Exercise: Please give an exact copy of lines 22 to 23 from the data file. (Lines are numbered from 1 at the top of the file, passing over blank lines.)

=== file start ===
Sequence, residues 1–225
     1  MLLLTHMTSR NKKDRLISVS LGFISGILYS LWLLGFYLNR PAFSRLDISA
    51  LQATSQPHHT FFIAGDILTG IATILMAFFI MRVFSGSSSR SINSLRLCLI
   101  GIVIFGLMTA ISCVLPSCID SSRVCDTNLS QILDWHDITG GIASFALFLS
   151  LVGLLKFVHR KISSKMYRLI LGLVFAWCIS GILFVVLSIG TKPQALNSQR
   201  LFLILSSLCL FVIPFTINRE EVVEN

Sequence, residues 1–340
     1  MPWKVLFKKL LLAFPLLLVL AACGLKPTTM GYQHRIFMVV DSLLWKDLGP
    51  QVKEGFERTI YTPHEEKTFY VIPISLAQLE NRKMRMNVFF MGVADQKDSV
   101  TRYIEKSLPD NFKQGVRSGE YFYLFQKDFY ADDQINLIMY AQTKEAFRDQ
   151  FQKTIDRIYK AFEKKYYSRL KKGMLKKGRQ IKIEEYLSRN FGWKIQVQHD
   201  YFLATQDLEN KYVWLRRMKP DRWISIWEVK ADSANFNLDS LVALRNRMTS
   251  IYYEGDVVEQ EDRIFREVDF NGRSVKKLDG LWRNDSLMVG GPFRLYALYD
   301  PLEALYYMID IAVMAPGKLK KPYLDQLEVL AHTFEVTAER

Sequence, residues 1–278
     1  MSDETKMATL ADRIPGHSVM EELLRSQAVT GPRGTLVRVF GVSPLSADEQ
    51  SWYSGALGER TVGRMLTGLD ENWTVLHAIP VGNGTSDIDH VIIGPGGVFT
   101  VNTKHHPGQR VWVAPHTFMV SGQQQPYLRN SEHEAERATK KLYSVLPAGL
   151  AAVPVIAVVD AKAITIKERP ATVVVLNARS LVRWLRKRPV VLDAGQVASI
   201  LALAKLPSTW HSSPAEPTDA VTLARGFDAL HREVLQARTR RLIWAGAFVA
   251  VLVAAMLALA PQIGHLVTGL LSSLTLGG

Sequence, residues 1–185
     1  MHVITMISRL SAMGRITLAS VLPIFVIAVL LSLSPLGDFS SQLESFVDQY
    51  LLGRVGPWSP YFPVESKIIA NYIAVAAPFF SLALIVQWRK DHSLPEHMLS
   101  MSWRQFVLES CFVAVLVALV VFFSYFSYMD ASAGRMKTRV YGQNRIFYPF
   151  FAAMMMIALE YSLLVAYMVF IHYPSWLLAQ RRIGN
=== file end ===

Sequence, residues 1–185
     1  MHVITMISRL SAMGRITLAS VLPIFVIAVL LSLSPLGDFS SQLESFVDQY